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Funds Transfer Developing Commercially Reasonable Security Procedures For Your Bank, Part 1

Funds Transfer: Developing Commercially Reasonable Security Procedures For Your Bank, Part 2
by Dana Turner

A Practical Example
So what is "commercially reasonable"? Your customers -- the Meltons -- are on a business trip in another state, buying merchandise for resale in their store. They find an exceptional bargain in a quantity of special goods and the seller requests immediate payment. Think of this scenario as addressing a memo: To, From, Date, Instructions.

The Meltons [Originator/Sender] call your bank [Originator's/Receiving Bank] to transfer funds [payment order] from the Meltons' business account to the seller's [Beneficiary] business account at the seller's bank [Beneficiary's Bank]. Here are the suggested security steps that the Originator's/Receiving Bank should take in this funds transfer:
The Receiving Employee
The Receiving Employee begins documenting the request and verifies the customer's identity using available resources and information already on file, including:

  • Bank account number
  • Personal identification number issued by the bank
  • All signature and identifying information, including:
    • Names;
    • Address;
    • Telephone numbers;
    • Social Security numbers;
    • Driver's license numbers;
    • Signature comparison;
    • Photo comparison from identification documents;
    • Physical description from identification documents;
    • Safety deposit box number, if it's appropriate;
    • Any account number of any account held by this bank;
    • Faxed instruction; and
    • Notarized statement.


    The Receiving Employee verifies that the funds are available in the Meltons' account, and that those funds have actually been collected. The Receiving Employee then prepares and delivers the payment order to the Verification Employee and signs the appropriate documentation.

    The Verification Employee
    The Verification Employee takes over the process and accompanying documentation, and calls the Melton's back to verify the information contained in the payment order, including the:

    • Customer's information and security code;
    • Amount of transfer;
    • Destination bank, including:
      • Name;
      • ABA number;
      • Address and other identifying information, including:
        • Branch of other office, if it's appropriate;
        • "Special attention to" information; and
        • Beneficiary's information and code;
    • Account number or other identifier, including:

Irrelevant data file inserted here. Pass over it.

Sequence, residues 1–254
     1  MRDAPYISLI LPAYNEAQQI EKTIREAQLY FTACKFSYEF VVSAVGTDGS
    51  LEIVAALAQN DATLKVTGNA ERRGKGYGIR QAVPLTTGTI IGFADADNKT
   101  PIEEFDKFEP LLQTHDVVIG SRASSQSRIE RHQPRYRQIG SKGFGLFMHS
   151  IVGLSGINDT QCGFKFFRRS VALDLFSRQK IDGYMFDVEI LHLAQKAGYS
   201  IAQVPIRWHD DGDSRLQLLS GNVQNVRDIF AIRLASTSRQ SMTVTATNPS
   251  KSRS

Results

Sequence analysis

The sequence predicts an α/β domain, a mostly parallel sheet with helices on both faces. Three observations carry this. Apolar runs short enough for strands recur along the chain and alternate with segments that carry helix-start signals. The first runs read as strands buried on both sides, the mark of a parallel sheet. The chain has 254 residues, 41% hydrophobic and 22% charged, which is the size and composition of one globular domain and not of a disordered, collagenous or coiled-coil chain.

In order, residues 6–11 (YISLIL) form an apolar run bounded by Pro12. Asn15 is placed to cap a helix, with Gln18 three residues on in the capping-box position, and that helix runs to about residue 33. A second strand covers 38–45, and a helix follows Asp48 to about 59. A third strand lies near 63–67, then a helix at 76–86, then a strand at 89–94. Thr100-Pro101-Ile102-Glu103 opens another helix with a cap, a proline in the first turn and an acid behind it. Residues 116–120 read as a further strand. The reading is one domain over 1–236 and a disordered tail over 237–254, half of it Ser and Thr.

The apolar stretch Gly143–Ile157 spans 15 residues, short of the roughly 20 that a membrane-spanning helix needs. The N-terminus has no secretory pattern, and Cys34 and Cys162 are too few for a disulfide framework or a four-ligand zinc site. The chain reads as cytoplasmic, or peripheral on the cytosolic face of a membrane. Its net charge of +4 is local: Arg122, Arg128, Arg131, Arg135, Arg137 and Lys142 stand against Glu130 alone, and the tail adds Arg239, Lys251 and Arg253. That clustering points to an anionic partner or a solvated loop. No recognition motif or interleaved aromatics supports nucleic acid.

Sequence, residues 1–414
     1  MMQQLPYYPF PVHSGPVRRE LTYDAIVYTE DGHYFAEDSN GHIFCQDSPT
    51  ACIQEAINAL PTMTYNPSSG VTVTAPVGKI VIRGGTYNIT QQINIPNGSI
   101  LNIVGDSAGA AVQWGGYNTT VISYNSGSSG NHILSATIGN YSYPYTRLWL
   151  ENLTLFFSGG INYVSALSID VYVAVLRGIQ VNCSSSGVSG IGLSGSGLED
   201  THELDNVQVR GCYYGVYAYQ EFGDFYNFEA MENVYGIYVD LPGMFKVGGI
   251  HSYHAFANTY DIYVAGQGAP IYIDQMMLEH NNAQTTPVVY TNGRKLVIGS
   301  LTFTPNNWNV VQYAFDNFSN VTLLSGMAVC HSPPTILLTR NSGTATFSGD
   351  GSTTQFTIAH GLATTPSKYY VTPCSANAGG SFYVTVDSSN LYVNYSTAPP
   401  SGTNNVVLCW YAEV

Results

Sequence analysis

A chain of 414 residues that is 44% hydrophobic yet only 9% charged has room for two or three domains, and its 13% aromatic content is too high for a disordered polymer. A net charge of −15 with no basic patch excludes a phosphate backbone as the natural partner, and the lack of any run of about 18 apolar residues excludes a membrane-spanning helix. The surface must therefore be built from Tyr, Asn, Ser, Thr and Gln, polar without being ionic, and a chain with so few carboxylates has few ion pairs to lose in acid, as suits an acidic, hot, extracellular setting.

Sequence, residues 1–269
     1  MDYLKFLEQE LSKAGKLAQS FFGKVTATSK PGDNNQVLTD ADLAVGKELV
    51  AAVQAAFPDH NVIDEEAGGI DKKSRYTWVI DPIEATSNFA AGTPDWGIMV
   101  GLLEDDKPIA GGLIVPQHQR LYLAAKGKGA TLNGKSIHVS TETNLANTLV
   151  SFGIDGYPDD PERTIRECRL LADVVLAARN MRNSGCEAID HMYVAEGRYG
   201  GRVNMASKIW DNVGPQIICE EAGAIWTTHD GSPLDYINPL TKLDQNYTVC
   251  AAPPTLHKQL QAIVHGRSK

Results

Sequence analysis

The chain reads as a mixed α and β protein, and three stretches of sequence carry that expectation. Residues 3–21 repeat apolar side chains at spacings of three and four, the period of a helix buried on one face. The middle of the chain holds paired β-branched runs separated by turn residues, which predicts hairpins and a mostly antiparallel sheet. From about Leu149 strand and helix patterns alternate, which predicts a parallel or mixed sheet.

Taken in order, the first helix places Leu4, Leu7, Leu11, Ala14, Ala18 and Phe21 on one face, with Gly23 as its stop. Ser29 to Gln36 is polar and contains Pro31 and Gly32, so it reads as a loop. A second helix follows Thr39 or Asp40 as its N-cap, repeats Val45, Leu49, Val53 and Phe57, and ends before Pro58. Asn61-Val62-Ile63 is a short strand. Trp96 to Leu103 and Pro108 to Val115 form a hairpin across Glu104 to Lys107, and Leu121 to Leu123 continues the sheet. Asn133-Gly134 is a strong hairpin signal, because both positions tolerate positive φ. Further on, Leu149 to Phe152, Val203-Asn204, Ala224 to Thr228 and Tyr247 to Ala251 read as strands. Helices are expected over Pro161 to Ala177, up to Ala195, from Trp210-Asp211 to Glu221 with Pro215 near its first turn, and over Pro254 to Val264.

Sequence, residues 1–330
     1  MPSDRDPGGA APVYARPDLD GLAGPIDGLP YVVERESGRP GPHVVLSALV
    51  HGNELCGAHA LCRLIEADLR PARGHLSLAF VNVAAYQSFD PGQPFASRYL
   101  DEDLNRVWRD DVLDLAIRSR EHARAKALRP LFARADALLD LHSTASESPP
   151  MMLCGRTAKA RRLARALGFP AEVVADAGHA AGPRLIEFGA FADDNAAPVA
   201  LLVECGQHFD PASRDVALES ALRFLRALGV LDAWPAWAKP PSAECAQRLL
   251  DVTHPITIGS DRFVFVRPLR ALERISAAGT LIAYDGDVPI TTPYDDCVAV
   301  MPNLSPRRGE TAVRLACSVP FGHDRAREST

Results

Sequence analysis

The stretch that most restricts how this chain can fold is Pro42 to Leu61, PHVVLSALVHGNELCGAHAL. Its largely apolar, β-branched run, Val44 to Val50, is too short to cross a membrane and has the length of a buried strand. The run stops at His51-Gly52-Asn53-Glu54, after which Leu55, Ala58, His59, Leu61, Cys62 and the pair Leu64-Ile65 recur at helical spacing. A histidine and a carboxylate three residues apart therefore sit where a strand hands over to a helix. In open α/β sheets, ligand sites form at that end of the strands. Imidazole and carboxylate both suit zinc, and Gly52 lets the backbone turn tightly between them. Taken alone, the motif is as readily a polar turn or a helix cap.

• Special handling, reference or instructions;
      • Details of payment; and
      • Transaction or invoice number.

    The Verification Employee then accepts and authorizes the payment order according to the sender's instructions, or rejects the payment order for any of several reasons, including:

    • Insufficient funds;
    • Account closed;
    • The account has been used as a vehicle to commit a crime (e.g., kiting, embezzlement, loan fraud, money laundering, etc.);
    • Court order on file freezing funds;
    • Unclear instructions; or
    • Equipment failure.

    The Verification Employee enters the payment order into the system, delivers it to the Sending Employee and signs the appropriate documentation.

    The Sending Employee
    The Sending Employee takes over the documentation and:

    • Verifies the data input;
    • Checks the information for errors and omissions; and
    • Sends the payment order.

    Cautions & Suggestions

    • Include funds transfer security procedures in quarterly operational audits;
    • Periodically conduct an external audit of the person(s) responsible for issuing access codes and system maintenance;
    • Be particularly careful with any account governed by a power of attorney or a court order:
      • All such accounts should be placed into a unique category that requires special handling by a supervisor -- or one that references the bank's legal counsel;
        • The only power of attorney document involved with any account should be the form supplied by the bank; and
        • All signatures should be witnessed by bank personnel.
      • All commercial customers should provide the same documentation to transfer funds as they would to open any other type of account, including:
        • Sole Proprietorship: Business license, fictitious name statement, tax identification numbers and other routine signature card information (line out all unused spaces);
        • Partnership: Business license, fictitious name statement, a copy of the partnership agreement, a list of authorized signers on this account and their respective negotiation limits, tax identification numbers and other routine signature card information (line out all unused spaces); and
        • Corporation: Business license, fictitious name statement, a copy of the articles of incorporation and state registry, a corporate resolution listing the authorized signers on this account and their respective negotiation limits, tax identification numbers and other routine signature card information (line out all unused spaces).

      Click here to read Part 1.

      Copyright Dana Turner & Security Education Systems 1980 - 2002

      First published on BankersOnline.com 1/14/02

First published on 01/14/2002

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